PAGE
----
Rogers was 56, leaving behind his wife, Betty, and four children. Post, 36, left a widow.
Rogers’ life is really quite legendary. Historian Joseph H. Carter summed it up:
Will Rogers was first an Indian, a cowboy then a national figure. He now is a legend.
Born in 1879 on a large ranch in the Cherokee Nation near what later would become Oologah, Oklahoma, Will Rogers was taught by a freed slave how to use a lasso as a tool to work Texas Longhorn cattle on the family ranch.
As he grew older, Will Rogers’ roping skills developed so special that he was listed in the Guinness Book of Records for throwing three lassos at once: One rope caught the running horse’s neck, the other would hoop around the rider and the third swooped up under the horse to loop all four legs.
Will Rogers’ unsurpassed lariat feats were recorded in the classic movie, “The Ropin’ Fool.”
His hard-earned skills won him jobs trick roping in wild west shows and on the vaudeville stages where, soon, he started telling small jokes.
Quickly, his wise cracks and folksy observations became more prized by audiences than his expert roping. He became recognized as being a very informed and smart philosopher–telling the truth in very simple words so that everyone could understand.
After the 10th grade, Will Rogers dropped out of school to become a cowboy in a cattle drive. He always regretted that he didn’t finish school, but he made sure that he never stopped learning–reading, thinking and talking to smart people. His hard work paid off.
Will Rogers was the star of Broadway and 71 movies of the 1920s and 1930s; a popular broadcaster; besides writing more than 4,000 syndicated newspaper columns and befriending Presidents, Senators and Kings.
During his lifetime, he traveled around the globe three times– meeting people, covering wars, talking about peace and learning everything possible.
He wrote six books. In fact he published more than two million words. He was the first big time radio commentator, was a guest at the White House and his opinions were sought by the leaders of the world.
Inside himself, Will Rogers remained a simple Oklahoma cowboy. “I never met a man I didn’t like,” was his credo of genuine love and respect for humanity and all people everywhere. He gave his own money to disaster victims and raised thousands for the Red Cross and Salvation Army.
Post’s legacy is significant, too. His employer, Oklahoma oil man F. C. Hall, encouraged Post to push for aviation records using Hall’s Lockheed Vega, and Post was happy to comply. Before his history-making trip around the world, he had won races and navigation contests. NASA traces the development of the space-walking suits worn by astronauts to Post’s early attempts for flight records:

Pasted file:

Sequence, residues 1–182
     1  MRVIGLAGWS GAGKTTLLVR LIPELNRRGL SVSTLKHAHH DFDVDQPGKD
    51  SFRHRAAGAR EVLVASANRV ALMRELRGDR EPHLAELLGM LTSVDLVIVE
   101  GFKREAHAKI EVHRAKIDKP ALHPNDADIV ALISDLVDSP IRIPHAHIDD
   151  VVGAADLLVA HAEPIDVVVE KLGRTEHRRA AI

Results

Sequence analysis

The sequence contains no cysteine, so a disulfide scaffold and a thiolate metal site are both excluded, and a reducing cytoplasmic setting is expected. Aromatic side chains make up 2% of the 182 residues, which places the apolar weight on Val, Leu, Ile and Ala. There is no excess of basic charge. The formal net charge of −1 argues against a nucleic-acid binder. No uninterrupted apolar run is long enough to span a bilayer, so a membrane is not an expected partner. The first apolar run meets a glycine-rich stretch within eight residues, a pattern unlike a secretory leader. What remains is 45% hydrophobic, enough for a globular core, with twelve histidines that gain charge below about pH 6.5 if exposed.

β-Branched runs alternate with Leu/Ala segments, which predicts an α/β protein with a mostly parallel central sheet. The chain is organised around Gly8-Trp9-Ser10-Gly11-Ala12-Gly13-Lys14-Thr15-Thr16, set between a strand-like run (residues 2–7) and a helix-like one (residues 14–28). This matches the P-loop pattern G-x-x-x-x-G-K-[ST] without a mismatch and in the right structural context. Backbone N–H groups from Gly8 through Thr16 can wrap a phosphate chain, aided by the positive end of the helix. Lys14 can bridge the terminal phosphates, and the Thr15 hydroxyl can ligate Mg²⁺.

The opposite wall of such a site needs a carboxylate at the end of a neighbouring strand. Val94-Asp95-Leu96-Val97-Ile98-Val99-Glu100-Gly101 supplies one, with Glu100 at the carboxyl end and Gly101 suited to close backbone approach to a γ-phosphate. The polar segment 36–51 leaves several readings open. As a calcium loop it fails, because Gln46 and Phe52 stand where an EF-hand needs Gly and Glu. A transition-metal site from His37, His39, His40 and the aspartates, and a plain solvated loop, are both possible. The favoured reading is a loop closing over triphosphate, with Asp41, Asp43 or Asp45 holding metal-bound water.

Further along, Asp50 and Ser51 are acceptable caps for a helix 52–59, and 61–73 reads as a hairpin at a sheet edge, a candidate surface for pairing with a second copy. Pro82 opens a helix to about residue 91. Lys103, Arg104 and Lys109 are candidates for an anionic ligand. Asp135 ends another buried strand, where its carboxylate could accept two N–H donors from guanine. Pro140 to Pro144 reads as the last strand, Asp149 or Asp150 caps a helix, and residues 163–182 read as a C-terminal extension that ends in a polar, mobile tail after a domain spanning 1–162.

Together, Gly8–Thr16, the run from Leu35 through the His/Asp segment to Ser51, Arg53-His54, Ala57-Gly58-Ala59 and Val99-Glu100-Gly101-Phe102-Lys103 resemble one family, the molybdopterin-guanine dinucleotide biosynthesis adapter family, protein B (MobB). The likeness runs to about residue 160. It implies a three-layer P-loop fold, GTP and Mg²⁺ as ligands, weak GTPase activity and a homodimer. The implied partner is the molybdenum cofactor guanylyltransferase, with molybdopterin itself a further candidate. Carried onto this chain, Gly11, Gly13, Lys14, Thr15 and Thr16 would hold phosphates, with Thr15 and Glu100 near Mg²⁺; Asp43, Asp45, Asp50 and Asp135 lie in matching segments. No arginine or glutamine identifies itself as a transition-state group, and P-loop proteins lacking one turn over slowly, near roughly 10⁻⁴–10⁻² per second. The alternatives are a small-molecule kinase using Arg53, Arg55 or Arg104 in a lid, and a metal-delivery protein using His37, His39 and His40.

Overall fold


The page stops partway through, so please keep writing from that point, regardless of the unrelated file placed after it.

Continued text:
For Wiley Post to achieve the altitude records he sought, he needed protection. (Pressurized aircraft cabins had not yet been developed.) Post’s solution was a suit that could be pressurized by his airplane engine’s supercharger.
First attempts at building a pressure suit failed since the suit became rigid and immobile when pressurized. Post discovered he couldn’t move inside the inflated suit, much less work airplane controls. A later version succeeded with the suit constructed already in a sitting position. This allowed Post to place his hands on the airplane controls and his feet on the rudder bars. Moving his arms and legs was difficult, but not impossible. To provide visibility, a viewing port was part of the rigid helmet placed over Post’s head. The port was small, but a larger one was unnecessary because Post had only one good eye!
Tip of the old scrub brush to Alaska bush advocate Pamela Bumsted.
- Will Rogers Memorial Museums, Oklahoma
- Will Rogers State Park, California
- Wiley Post biography at the Centennial of Flight Commission site (meeting technology and geography standards)
- Will Rogers in Schools program (Oklahoma)
- Will Rogers’ collected newspaper columns, “Daily Telegrams”
- Roadside America listing of the crash memorial in Point Barrow
- Wiley Post and the Winnie Mae (AcePilots)
- Will Rogers Coliseum, Ft. Worth, Texas
- Will Rogers World Airport, Oklahoma City (OKC)
- Wiley Post Airport, Bethany, Oklahoma
- Wretched Richard’s Almanac: Will Power (richarddaybell.wordpress.com)
Don Knuth at Stanford University collects signs.
Actually he collects photos of signs, especially the diamond-shaped informational-warning signs.
What in the world is this one?
Your nominations for captions welcomed in comments.